If you allow your Teddy Guinea Pig to consume too much sugary fruit, you risk making them seriously ill. This will even put them at risk for obesity and diabetes. 

In the proper amounts, however, fruit can be really nice for Teddy Guinea Pigs to have. Some even offer vitamin C, an invaluable nutrient. Fruits make an excellent replacement for the less-than-healthy guinea pig treats you’ll usually find at the store. Teddy Guinea Pigs may have fruit a couple of times a week. 

The best fruits for your Teddy Guinea Pig to enjoy

Berries are great for the Teddy Guinea Pig. They are high in antioxidants, nutrients, and fiber. This includes strawberries, raspberries, blackberries and blueberries. Blueberries are particularly high in antioxidants, which are known to increase the lifespan of humans and guinea pigs alike. 

Your Teddy Guinea Pig may indulge in a few berries a couple of times a week. This means 2-3 raspberries, 2-3 blueberries, a few small slices of strawberry, a small blackberry… just one fruit on a treat day, in a Teddy Guinea Pig portion size.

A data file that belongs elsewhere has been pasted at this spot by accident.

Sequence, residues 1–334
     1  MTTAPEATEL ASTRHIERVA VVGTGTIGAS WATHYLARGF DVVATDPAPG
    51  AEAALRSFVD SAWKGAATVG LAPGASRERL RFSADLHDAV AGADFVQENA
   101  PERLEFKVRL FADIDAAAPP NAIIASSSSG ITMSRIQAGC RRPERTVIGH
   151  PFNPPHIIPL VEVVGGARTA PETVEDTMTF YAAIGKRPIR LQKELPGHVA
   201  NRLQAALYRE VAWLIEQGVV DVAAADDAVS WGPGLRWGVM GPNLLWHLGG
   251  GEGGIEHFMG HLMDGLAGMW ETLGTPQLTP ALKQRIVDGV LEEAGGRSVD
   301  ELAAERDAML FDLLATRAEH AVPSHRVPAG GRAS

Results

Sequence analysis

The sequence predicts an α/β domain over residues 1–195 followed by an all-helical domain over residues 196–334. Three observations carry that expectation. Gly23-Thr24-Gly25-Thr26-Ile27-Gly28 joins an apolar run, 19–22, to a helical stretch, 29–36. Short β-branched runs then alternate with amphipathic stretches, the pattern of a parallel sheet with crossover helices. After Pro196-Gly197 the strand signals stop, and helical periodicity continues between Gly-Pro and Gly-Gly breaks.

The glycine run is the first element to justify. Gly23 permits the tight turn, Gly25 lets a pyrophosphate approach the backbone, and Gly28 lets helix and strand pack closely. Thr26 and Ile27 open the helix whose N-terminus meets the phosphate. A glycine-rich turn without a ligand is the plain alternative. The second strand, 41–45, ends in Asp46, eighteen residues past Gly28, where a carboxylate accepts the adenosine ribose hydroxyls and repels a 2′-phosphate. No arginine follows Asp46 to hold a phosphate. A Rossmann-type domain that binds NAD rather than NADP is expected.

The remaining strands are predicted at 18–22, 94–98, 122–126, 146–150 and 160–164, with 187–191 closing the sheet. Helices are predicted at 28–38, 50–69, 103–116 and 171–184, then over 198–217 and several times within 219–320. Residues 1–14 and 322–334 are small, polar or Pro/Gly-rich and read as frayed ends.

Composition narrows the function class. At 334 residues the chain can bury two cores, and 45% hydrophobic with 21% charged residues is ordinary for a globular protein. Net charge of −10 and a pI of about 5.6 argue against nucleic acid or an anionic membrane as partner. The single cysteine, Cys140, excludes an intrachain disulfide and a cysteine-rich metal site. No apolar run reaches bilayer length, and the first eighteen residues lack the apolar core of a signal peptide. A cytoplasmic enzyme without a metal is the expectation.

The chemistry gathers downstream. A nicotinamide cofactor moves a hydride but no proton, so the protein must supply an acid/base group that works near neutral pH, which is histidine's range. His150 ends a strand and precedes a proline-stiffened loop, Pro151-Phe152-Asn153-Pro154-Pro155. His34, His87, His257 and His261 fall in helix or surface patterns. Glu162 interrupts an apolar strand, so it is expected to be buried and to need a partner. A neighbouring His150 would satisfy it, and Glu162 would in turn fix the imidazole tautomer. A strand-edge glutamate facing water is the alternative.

One useful tip is to feed guinea pigs fruit after they have eaten hay or pellets, as the additional fiber will help slow the effects of the natural sugars. 

Kiwis, apples and pears also make fine treat choices for the Teddy Guinea Pig. Simply make sure to remove the seeds from the apple and pear accordingly. These contain cyanide in trace amounts, which can otherwise affect guinea pigs harmfully. A small slice of kiwi, apple or pear will do. 

Fruits that will affect your Teddy Guinea Pig harmfully

Citrus fruits are very detrimental to guinea pigs of all kinds. Never feed them these in any amount – oranges, grapefruits, lemons, limes – or anything containing these are a definite no. Avocados are toxic to guinea pigs as well. When feeding your Teddy Guinea Pig any fruit, first make sure it is safe.